High-achiever Cameron Cage shaped by family

Published 12:03 am Saturday, June 29, 2019

LAPLACE – With a tradition of valedictorians in the family, Cameron Cage of LaPlace knew he had high standards to live up to.

Determination and perseverance paid off when Cage joined the rank of his mother, uncle and aunt last month at East St. John’s graduation. Standing behind the podium, Cage delivered a valedictory speech that closed the door on his high school career and set the spotlight on a bright future in mechanical engineering.

In the process, he hoped to uplift his fellow classmates.

Cameron Cage was the 2019 valedictorian for East St. John High School. This fall, he’s headed to Louisiana State University.

“I wanted to leave them with the idea that it doesn’t matter how smart you think you are, or how strong,” Cage said. “Anyone can do anything they set their mind to, as long as they put forth the effort.”

Exiting high school with college credit and a whopping $900,000 in scholarship offers, Cage is one to plan for the future and see it through.

Since joining East St. John’s robotics club sophomore year, Cage has held an interest in mechanical engineering and its ability to better society.

“When I saw how cool robots were and how satisfying it was to make them, I thought, maybe I can make robots on a much grander scale to help people,” Cage said. “I just have a drive to help people, even if they don’t ask for it.”

Assisting in surgery, exploring areas too dangerous for people and providing emergency response in natural disasters are only a few possible technological applications Cage has in mind. He plans to procure his bachelor’s and master’s degrees at Louisiana State University before pursuing a doctorate, which he hopes will pave the way to working with robotics, drones and energy-efficiency studies.

“It’s not just robots I’m looking into,” Cage said. “I also want to build vehicles like rockets, cars, ships and maybe improve how we gather energy with better solar panels, solar cars and also more efficient space craft.”

In addition to a scholarship offers from universities, Cage received scholarships from the East St. John Alumni Association and the Krewe of Dage. He was also the recipient of a monetary award for African American engineers.

A four-year member of Beta Club, Cage was active in gamer’s club and in the Technology Student Association as lead programmer and reporter.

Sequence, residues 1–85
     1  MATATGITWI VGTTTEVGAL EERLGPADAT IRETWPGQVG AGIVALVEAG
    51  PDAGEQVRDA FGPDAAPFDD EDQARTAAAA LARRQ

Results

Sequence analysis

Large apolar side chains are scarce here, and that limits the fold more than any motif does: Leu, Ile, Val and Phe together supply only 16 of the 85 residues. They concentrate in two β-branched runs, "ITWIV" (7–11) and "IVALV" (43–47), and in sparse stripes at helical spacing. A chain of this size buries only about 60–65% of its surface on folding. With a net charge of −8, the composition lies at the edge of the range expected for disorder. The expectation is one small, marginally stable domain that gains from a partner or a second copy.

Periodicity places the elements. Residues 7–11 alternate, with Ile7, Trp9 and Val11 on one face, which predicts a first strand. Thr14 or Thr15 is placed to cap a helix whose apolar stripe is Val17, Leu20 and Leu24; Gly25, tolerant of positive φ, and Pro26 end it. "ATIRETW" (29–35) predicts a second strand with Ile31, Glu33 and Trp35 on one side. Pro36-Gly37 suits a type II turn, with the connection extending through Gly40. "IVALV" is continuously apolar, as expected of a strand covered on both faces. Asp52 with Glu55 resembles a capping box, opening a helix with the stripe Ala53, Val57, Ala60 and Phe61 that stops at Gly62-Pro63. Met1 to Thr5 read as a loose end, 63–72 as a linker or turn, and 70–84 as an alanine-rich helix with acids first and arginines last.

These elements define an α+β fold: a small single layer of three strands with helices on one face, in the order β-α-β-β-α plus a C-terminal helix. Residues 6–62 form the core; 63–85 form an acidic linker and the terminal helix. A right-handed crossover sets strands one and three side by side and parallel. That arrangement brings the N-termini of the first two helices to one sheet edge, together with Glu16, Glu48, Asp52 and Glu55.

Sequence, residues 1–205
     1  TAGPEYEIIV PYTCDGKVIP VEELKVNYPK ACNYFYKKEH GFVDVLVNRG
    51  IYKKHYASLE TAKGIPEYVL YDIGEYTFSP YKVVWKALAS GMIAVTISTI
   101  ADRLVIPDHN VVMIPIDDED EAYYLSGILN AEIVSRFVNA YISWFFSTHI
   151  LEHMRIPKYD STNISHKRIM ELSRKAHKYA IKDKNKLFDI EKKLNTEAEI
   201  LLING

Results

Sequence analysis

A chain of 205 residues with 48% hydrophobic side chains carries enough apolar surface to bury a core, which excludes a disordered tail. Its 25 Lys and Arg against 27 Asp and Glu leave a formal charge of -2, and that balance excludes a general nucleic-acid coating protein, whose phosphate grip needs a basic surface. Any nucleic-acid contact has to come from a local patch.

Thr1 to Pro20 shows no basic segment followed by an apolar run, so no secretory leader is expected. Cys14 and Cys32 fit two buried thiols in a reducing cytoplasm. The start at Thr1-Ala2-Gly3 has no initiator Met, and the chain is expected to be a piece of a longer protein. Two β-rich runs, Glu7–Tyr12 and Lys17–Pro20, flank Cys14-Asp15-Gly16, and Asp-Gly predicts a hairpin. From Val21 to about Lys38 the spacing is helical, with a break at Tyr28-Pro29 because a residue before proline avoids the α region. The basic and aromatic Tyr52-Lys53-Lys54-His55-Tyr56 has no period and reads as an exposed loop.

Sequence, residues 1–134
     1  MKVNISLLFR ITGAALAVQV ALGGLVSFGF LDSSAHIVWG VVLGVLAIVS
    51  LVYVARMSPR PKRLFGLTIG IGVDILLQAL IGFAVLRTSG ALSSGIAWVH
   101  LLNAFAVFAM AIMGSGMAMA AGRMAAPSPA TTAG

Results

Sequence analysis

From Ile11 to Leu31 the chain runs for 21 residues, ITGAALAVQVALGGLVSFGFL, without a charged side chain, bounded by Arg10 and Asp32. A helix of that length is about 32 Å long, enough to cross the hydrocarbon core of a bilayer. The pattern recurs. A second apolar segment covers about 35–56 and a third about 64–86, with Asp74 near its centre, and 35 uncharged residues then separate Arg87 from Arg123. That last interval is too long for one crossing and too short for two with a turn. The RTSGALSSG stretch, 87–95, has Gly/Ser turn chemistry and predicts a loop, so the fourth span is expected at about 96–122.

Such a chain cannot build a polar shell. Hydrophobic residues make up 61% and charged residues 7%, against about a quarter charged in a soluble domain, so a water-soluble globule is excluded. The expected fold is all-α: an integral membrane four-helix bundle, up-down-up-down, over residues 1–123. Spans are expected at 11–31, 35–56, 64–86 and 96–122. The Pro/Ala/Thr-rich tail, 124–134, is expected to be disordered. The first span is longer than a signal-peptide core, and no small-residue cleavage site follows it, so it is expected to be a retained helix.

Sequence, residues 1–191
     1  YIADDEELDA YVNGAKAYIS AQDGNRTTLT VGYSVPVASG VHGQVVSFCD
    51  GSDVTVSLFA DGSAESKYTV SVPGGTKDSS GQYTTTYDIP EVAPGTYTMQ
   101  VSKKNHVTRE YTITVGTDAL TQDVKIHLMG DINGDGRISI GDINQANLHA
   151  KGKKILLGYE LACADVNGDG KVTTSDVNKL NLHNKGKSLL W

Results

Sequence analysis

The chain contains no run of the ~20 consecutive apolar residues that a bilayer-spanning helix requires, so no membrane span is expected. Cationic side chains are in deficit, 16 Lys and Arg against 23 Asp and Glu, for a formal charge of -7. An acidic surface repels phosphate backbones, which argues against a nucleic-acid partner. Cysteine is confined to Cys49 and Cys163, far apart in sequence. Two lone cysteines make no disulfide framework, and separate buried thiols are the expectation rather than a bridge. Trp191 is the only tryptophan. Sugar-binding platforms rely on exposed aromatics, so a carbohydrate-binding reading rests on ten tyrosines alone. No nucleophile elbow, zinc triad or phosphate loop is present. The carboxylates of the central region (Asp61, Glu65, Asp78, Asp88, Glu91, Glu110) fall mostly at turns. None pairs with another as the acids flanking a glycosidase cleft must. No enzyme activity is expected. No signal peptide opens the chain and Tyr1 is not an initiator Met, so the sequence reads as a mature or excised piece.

This year, Cage was named 12th grade Student of the Year on the school and district levels. When he wasn’t busy maintaining a spotless academic record, Cage spent his free time volunteering as a tutor for ACT prep at East St. John and for algebra I students at John L. Ory Communication Arts Magnet School.

Cage’s mother, Raquel Bossier Cage, said her son is an exceptionally hard worker.

“His determination and his self-discipline makes us proud of him,” Raquel said. “I guess we’ve set the bar high for him.”

Cameron Cage poses with the certificate of achievement he received at the annual academic luncheon Wednesday in LaPlace.

A close relationship with his family provided all the motivation Cage needed to be successful.

“They’ve always been adamant about pushing me forward to become my very best,” Cage said. “Even if sometimes I may falter, they are always there to provide a calm, supportive environment that keeps me motivated to not only please them, but to please myself.”

Raquel, father Landry Cage, aunt Charo Bossier Holden, uncles Gala Holden and Alfred Peter Bossier and grandmother Dolores Bossier will always be an integral part of his life.

In addition, Cage works to be the best role model he can be for his three younger siblings.

“As the oldest, I have to set an example for all of them,” Cage said. “Even though they don’t always express it, I feel like I have a real, deep effect on them. They’re always making headlines- being nominated student of the year, basketball scholarships and singing in choir.”